Stem cell differentiation and appropriate incorporation into the existing neural network to replace the functions of lost neurons after transplantation represent critical aspects of cell-based therapy. Accumulating evidence suggests that transplanted stem cells have the ability to replace lost neurons via migration to damaged regions and promote neural differentiation, which contributes to behavioral improvements in different stroke models [40, 41]. Choi et al. [42] transplanted human bone marrow-derived mesenchymal stem cells (BM-MSCs) after photothrombotic ischemia and observed the elevated expression of neural and synaptic-relative proteins; additionally, the cells not only integrated well into the existing host circuitry but also enhanced endogenous neural differentiation in MSC-treated groups. At 7 days after transplantation, significant behavioral improvements appeared in the BM-MSC-treated group. Another study reported the utility of transplanting human embryonic stem cell- (hESC-) derived neural precursor cells (hNPCs) into the cortex to replace dying brain cells after permanent distal middle cerebral artery occlusion in rats, resulting in improved functional outcomes. The majority of transplanted hNPCs were positive for nestin, a marker of neural precursor cells. Approximately 10% of the cells differentiated into neuronal phenotypes 2 months after transplantation, and very few cells expressed astroglial or oligodendrocyte markers [43]. Other preclinical studies have reported the ability of NSCs from the human fetal striatum and cortex to survive, migrate, and differentiate into neurons in the stroke-damaged rat striatum [44]. Furthermore, homogenous populations of human neural stem cells (hNSCs) not only possess a remarkable ability to migrate into damaged regions and differentiate into neurons, astrocytes, and oligodendrocytes but also exhibit lower tumorigenicity in vivo [45]. Cheng et al. demonstrated the ability of intravenously delivered NSCs to traverse the BBB and migrate into the ischemic brain. Approximately 86% of transplanted NSCs maintained proliferative capability and enhanced the proliferation of endogenous cells. The intravenous administration of NSCs 24 h after stroke significantly improves functional deficits, but a reduction in cerebral infraction volume was not detected by TTC staining [46].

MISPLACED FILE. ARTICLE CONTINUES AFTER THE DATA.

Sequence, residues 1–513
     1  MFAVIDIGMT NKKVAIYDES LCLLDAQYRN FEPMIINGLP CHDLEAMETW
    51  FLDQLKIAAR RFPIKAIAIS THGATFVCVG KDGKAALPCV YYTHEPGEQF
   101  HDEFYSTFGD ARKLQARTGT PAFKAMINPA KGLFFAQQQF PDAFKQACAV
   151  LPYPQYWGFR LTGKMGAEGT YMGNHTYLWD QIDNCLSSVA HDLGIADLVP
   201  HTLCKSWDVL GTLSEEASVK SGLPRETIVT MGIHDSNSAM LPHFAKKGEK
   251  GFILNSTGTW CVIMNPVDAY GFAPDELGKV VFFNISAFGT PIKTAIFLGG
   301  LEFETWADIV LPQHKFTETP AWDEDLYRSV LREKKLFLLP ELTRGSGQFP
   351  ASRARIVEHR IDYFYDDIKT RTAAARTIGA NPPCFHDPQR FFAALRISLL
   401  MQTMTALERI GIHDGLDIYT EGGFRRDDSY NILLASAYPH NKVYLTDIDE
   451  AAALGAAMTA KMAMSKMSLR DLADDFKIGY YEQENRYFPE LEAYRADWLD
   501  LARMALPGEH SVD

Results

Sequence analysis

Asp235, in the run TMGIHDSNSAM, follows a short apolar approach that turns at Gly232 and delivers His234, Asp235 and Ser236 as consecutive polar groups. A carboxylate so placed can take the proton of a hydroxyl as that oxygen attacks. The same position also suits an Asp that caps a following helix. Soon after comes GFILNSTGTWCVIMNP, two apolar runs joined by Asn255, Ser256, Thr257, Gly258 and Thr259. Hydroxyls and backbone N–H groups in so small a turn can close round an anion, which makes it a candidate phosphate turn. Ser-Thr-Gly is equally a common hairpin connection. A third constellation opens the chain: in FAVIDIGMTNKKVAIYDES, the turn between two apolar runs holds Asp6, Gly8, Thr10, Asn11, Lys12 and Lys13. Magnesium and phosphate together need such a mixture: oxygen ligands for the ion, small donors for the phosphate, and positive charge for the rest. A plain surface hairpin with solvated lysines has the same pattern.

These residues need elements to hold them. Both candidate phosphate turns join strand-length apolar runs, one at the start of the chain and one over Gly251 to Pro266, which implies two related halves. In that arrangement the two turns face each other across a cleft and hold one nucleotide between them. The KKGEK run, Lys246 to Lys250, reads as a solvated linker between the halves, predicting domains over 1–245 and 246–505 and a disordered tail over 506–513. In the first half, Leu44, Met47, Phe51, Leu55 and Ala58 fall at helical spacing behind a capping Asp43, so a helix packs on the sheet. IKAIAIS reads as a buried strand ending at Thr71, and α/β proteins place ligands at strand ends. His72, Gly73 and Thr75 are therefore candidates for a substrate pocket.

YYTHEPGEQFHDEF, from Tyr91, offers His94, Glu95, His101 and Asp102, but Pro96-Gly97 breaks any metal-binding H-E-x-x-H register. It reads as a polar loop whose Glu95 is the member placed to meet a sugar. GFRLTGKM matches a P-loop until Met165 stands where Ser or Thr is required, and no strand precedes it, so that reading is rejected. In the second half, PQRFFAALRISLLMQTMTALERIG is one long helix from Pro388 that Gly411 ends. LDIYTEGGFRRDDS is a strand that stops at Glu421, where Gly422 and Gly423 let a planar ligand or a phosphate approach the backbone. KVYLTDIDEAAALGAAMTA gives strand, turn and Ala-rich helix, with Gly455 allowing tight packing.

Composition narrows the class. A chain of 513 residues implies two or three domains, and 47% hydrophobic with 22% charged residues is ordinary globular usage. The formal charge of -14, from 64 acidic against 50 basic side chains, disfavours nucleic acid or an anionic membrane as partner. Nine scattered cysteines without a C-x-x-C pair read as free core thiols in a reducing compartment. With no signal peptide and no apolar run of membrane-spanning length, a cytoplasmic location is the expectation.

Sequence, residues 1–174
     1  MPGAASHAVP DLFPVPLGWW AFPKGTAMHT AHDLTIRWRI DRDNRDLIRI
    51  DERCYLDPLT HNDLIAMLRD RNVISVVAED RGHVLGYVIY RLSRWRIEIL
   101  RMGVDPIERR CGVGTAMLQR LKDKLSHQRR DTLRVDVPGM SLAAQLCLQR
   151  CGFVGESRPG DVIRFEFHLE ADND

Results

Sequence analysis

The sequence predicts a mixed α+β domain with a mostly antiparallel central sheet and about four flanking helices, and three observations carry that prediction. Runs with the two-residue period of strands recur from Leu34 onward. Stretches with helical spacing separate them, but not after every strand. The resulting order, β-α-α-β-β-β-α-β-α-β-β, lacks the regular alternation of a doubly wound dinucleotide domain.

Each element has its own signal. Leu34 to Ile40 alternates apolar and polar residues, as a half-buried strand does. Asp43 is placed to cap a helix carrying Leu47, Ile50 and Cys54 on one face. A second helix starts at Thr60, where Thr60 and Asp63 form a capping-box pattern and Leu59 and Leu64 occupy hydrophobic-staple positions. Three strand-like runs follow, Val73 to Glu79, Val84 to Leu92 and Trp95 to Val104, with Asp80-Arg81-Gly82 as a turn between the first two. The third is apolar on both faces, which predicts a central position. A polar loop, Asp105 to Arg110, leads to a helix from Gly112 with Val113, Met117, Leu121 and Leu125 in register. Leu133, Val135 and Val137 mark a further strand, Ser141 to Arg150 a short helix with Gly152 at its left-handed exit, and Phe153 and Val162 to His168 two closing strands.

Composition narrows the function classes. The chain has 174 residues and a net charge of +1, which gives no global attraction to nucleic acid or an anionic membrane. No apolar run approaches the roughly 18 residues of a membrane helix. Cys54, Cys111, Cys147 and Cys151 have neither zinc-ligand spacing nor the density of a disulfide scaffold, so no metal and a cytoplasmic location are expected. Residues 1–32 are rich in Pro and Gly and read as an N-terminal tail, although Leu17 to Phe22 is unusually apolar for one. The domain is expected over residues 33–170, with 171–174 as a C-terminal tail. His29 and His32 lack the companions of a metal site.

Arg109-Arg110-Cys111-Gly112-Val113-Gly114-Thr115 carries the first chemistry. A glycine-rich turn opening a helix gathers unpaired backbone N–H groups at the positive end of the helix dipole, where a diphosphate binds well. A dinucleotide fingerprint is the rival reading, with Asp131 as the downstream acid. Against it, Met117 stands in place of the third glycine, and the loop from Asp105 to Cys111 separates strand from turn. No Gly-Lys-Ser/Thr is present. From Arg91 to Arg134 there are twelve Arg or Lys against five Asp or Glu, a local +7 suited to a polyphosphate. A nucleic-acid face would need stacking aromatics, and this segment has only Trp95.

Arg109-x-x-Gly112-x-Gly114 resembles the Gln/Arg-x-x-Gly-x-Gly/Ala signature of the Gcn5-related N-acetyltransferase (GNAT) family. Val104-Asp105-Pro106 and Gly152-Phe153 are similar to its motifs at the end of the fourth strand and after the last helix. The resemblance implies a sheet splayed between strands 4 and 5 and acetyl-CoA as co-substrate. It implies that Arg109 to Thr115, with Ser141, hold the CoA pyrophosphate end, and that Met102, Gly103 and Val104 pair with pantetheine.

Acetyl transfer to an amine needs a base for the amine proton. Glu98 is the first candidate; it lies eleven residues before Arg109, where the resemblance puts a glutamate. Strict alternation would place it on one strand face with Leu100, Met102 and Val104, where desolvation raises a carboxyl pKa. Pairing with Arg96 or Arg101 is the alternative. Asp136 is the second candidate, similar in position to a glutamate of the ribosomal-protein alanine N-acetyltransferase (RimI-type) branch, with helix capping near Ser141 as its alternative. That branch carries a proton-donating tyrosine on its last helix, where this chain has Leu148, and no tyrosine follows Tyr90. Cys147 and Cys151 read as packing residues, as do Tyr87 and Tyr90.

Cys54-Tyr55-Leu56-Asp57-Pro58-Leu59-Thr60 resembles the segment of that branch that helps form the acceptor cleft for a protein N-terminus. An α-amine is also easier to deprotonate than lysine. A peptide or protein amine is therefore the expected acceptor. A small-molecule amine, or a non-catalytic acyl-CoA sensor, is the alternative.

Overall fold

2.2. Endogenous Repair Mechanisms

Mounting evidence indicates that implanted stem cells accelerate long-term functional recovery by migrating toward the ischemic zone to enhance endogenous repair mechanisms via the secretion of growth factors [47, 48]. The adult mammalian brain contains a population of NSCs in the subventricular zone (SVZ) of the lateral ventricle that migrates to the olfactory bulb and generates new neurons [49, 50] and the subgranular zone (SGZ) of the hippocampal dentate gyrus (DG) [51, 52]. Brain injury, such as stroke, induces neurogenesis and angiogenesis [5355] and promotes the proliferation and migration of neuroblasts or neural progenitor cells derived from the SVZ toward the injured site [5658]. Angiogenesis is observed immediately after stroke because new blood vessels significantly increase by 3 days postinjury, and the proliferation of endothelial cells increases as early as 1 day postinjury [59]. Under ischemic conditions, SVZ multipotent NSCs derived from the stroke-injured cortex are capable of neurosphere formation and give rise to a subpopulation of reactive astrocytes in the cortex that contribute to astrogliosis and scar formation. Expression of the transcription factor Ascl1 converts SVZ-derived reactive astrocytes into neurons in vivo [60]. However, the brain possesses a limited ability to form new neurons after injury, and endogenous regeneration mechanisms are insufficient to replace lost neurons [58]. Thus, there is a need to develop novel methods to enhance stroke-induced neurogenesis. Chromatin-modifying agents, which have previously been used as novel biological probes as well as for the treatment of cerebral ischemia, represent a viable method to stimulate endogenous NSCs and enhance NSC-mediated endogenous brain repair mechanisms [61]. Interestingly, channelrhodopsin-2 (ChR2) transgenic mice that undergo the optogenetic stimulation of glutamatergic activity in the striatum after stroke release glutamate into the SVZ, causing SVZ neuroblast proliferation and migration to the peri-infarct cortex via activation of the AMPA receptor. The stimulation of striatal glutamatergic activity may increase the survival and neuronal differentiation of recruited neuroblasts, thus improving functional recovery [62].